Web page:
Lawrence Taub

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Lawrence H (Larry) Taub — 1936–2018 = futurist and the author of the book The Spiritual Imperative: Sex, Age, and Caste Move the Future



Jan Krikke:

"In the early 1960s, Lawrence Taub dropped out of Harvard Law School to go “on the road.” He lived in Scandanavia and France before making his way to India. In Bihar State, he attended a lecture at Sarkar’s Ananda Marga Center, where he first heard about the orthodox version of the Varna prophecy. Taub initially discarded the idea as a typical Indian-Hindu form of myth-making, but a seed was planted.

From India, Taub traveled to Japan, exposing him to yet another cultural sphere. One day in April 1975, he picked up a copy of the Japan Times, which reported that Saigon had fallen to the North Vietnamese. Taub thought of the Varna cycle. A communist country based on “worker values” defeating the army of a capitalist country based on “merchant values” had all the hallmarks of a change in the Varna cycle. Taub would write in his book: “Spontaneously, I made what seemed to be the elusive connection between everyday history as we know it and study it in school and the Hindu philosophy of history.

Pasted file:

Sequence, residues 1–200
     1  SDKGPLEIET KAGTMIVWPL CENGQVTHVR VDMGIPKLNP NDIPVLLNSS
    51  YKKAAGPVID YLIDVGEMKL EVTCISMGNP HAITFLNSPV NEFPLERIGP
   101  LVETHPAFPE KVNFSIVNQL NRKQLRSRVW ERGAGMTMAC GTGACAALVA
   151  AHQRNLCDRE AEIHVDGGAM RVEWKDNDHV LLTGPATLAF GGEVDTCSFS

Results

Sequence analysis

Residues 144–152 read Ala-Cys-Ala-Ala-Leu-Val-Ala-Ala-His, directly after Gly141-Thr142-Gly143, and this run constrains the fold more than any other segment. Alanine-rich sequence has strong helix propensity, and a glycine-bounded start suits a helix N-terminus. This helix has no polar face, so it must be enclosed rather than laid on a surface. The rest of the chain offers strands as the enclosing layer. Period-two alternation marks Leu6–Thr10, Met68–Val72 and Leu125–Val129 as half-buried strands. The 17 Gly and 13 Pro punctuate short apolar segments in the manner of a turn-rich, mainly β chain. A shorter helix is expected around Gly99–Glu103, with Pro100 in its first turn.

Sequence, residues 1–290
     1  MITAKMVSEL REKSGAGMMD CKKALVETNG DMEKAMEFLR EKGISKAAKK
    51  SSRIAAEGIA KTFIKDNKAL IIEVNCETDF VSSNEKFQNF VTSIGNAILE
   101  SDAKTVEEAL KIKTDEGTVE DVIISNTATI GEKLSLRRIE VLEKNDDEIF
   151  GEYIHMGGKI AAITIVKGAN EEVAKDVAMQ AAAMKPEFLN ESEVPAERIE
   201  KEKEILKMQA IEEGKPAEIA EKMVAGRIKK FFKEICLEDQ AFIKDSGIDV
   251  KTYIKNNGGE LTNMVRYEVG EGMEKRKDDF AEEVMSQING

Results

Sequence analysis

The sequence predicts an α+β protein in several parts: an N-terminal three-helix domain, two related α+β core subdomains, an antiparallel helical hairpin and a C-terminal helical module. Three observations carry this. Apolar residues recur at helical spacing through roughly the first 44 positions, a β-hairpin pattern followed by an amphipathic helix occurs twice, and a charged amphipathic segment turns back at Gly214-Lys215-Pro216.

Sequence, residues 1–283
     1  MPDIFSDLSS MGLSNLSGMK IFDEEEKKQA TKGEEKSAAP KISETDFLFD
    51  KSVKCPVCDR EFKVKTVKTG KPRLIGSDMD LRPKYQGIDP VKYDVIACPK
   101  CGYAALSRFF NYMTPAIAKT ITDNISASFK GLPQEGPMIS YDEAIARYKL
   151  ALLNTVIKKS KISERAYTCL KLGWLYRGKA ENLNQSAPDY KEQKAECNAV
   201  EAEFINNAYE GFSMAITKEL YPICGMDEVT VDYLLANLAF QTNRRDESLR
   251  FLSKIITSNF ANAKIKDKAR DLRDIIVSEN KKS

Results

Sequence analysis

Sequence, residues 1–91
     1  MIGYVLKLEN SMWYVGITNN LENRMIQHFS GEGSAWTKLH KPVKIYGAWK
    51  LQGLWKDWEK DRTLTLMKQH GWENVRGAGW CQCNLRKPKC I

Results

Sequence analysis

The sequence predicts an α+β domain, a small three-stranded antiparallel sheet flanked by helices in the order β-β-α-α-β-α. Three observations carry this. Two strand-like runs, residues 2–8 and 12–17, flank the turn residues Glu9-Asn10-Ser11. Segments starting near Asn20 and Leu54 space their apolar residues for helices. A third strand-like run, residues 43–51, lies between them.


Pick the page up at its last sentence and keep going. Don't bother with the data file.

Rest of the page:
Studying the origin of Varna in more detail, Taub realized he could map the cycle in the ancient Varna prophecy to actual human history, both in terms of historical periods and geographical regions. He showed that populations in specific cultural regions have traditionally matched the psychological profile of the four generic types. Figure 4 shows how Taub applied the four generic types to the modern era, and in Figure 5 he maps the Varna cycle to actual history.

The mapping of the Varna cycle to actual history led Taub to conclude that East Asia (the Confucian countries) would dominate the peak stage of the worker cycle. Its psychological profile most closely corresponded with the generic worker type. Similarly, the West dominated the preceding merchant cycle, because its psychological profile most closely corresponded with the merchant type.

Taub argued that the transition from the merchant cycle to the worker cycle explained much of the upheaval in the present world in all its facets: economic, political, social, ideological, cultural, geographic, and psychological.”


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